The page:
The first connection becomes obvious when one considers that proper nutrition for immune function requires feeding a nutritious diet to a healthy GI tract (Childs). The second connection between gut bacteria and inflammation requires a little more thought and research support.

Beyond simple nutrition, widespread research supports the need for balance in inflammation for immune optimization. Consider research by Santiago-Lopez which demonstrated that probiotics given to infants could reduce proinflammatory Th1 and Th17 cytokines such as IL-17 and IFN-γ while raising “production of inflammation resolving cytokine IL-10.”

This report is just the tip of the iceberg in research into ameliorating inflammation through dietary intervention into the GI function.

Besides the connection with inflammation, a growing amount of research has shed light on the importance of gut barrier function at the microscopic level. A study by McKeen describes how increased amounts of prebiotics, fiber, and other nutrients that enhance gut bacteria contribute to stronger gut wall barriers. These barriers are critical for immune function across the entire body.

Emotional levels

The final foundation for immune health is our emotional state, especially our level of stress. As early as the 1980s, pioneering research by psychologist Janice Kiecolt-Glaser, Ph.D., and immunologist Ronald Glaser, Ph.D., of The Ohio State University College of Medicine demonstrated that medical students were immune-suppressed during their three-day final exam period. They found lower levels of natural killer cells, lower levels of T cells, and very low levels of interferon-gamma, an immune system booster, meaning at least three important parts of the immune system were temporarily suppressed by the increased stress of final exams.

Our emotional stress response can modify how much cortisol is produced by our adrenal glands. Cortisol rises in response to physical or psychological stressors, and this higher cortisol can lower immune function while opening GI barriers to further inflammation. Spiritual health and a calm response to stress can prevent harmful effects.

While many will continue to search for that magic supplement or pharmaceutical which, if taken religiously, will provide immune protection from viruses like COVID-19 or the common cold, foundations are critical. The time and financial investment in a supplement are of little value until we balance our exercise, sleep, GI function, and emotional health. With these foundations, we as individuals and as a society can proceed into the new year aware and prepared for 2021 and beyond without undue fear.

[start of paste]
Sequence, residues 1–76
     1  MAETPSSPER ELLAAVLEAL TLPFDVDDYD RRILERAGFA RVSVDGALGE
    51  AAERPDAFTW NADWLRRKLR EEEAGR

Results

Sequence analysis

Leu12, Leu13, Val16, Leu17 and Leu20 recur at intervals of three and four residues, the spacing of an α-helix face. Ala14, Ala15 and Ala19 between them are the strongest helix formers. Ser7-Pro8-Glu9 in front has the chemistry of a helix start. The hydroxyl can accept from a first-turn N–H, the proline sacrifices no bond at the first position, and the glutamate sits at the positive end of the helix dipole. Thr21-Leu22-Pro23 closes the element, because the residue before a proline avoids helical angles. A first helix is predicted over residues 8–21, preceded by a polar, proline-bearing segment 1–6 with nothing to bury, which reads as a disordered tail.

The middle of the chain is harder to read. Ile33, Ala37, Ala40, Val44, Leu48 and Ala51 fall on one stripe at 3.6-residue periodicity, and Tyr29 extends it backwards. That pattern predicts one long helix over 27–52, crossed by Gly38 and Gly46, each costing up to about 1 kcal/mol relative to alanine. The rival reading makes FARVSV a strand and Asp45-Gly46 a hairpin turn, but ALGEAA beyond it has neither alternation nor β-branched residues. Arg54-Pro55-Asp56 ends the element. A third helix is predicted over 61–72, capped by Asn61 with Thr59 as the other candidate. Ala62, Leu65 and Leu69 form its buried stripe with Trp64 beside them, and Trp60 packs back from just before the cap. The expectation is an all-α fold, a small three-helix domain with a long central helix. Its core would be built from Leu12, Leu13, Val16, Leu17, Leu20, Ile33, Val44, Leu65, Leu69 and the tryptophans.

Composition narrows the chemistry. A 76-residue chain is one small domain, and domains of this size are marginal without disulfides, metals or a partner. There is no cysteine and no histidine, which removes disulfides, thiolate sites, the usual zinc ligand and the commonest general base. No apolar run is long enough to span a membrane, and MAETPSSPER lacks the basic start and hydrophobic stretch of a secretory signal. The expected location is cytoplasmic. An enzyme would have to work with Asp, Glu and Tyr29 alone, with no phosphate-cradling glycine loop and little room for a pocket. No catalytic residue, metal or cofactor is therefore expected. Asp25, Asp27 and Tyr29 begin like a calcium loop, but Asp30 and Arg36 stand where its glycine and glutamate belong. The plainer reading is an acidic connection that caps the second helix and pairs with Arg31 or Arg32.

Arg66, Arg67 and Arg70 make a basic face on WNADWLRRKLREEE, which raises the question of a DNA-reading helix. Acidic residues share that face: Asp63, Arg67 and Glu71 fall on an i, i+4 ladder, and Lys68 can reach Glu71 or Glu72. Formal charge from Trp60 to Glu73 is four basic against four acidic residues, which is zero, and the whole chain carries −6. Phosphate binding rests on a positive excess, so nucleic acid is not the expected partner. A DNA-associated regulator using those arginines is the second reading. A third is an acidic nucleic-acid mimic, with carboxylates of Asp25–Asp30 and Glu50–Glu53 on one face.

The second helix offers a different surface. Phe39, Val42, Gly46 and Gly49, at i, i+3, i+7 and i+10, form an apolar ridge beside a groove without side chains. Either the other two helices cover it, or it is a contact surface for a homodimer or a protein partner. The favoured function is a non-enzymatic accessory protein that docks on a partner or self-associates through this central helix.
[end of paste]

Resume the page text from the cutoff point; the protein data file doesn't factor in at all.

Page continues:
In our next installment, we’ll move to what comes after foundations are laid.

Dr. Eric Potter, Internal Medicine and Pediatrics, founder of Sanctuary Functional Medicine DBA (), offers functional medicine care to patients and the public in his Franklin, Tennessee, office and online with SFMEmpower.com.

Sources:

Childs, Caroline E. “Diet and Immune Function.” Nutrients vol. 11,8 1933. 16 Aug. 2019, doi:10.3390/nu11081933

Cohen, Sheldon. “Sleep habits and susceptibility to the common cold.” Archives of internal medicine vol. 169,1 (2009): 62-7. doi:10.1001/archinternmed.2008.505

McKeen, Starin. “Infant Complementary Feeding of Prebiotics for the Microbiome and Immunity.” Nutrients vol. 11,2 364. 9 Feb. 2019, doi:10.3390/nu11020364

Kiecolt-Glaser, J.K., Glaser, R., Strain, E.C. . Modulation of cellular immunity in medical students. J Behav Med 9, 5–21 (1986). https://doi.org/10.1007/BF0084...

Lowder, T., (2005). “Moderate exercise protects mice from death due to influenza virus.” Brain Behav Immun 19(5): 377-380.

Moreira, André. “Does exercise increase the risk of upper respiratory tract infections?.” British medical bulletin vol. 90 (2009): 111-31. doi:10.1093/bmb/ldp010

Patel, Sanjay R. “A prospective study of sleep duration and pneumonia risk in women.” Sleep vol. 35,1 97-101. 1 Jan. 2012, doi:10.5665/sleep.1594

Prather, Aric A. “Behaviorally Assessed Sleep and Susceptibility to the Common Cold.” Sleep vol. 38,9 1353-9. 1 Sep. 2015, doi:10.5665/sleep.4968

Santiago-López, L., (2018). “Effect of Milk Fermented with Lactobacillus fermentum on the Inflammatory Response in Mice.” Nutrients 10(8).